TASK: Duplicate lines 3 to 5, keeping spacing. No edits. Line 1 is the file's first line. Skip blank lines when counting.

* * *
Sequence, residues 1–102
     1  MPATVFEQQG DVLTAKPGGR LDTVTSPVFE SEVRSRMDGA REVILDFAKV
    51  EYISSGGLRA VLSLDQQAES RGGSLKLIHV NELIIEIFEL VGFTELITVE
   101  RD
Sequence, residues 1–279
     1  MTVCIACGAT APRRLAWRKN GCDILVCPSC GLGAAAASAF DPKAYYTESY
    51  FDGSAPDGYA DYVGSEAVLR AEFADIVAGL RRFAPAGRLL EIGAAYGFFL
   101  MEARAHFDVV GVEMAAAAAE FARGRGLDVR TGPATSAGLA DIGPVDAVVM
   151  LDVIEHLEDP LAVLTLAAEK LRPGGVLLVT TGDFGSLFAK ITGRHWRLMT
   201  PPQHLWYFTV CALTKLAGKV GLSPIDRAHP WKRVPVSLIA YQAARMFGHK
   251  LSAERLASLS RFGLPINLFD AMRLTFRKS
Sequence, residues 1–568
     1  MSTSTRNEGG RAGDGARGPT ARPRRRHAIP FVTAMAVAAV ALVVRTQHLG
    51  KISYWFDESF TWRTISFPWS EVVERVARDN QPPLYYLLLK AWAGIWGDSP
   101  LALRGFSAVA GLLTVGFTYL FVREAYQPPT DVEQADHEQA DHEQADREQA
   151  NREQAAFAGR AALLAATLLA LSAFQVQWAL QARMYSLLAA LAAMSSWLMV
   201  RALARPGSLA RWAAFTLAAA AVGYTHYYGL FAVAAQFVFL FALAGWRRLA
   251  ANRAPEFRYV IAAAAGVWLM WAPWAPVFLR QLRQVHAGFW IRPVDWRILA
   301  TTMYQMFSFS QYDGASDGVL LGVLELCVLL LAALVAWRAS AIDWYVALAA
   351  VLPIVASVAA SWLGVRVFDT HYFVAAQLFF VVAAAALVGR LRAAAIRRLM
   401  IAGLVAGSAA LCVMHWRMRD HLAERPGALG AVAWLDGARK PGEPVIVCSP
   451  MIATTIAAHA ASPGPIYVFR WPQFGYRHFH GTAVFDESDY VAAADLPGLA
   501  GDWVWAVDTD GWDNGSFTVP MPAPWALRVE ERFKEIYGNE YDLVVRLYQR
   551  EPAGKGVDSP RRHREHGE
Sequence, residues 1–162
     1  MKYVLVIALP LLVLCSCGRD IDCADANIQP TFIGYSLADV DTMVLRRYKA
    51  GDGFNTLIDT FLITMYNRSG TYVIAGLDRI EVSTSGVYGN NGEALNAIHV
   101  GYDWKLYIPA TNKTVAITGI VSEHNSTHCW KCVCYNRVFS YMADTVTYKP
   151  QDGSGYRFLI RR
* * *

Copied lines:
    51  EYISSGGLRA VLSLDQQAES RGGSLKLIHV NELIIEIFEL VGFTELITVE
   101  RD
Sequence, residues 1–279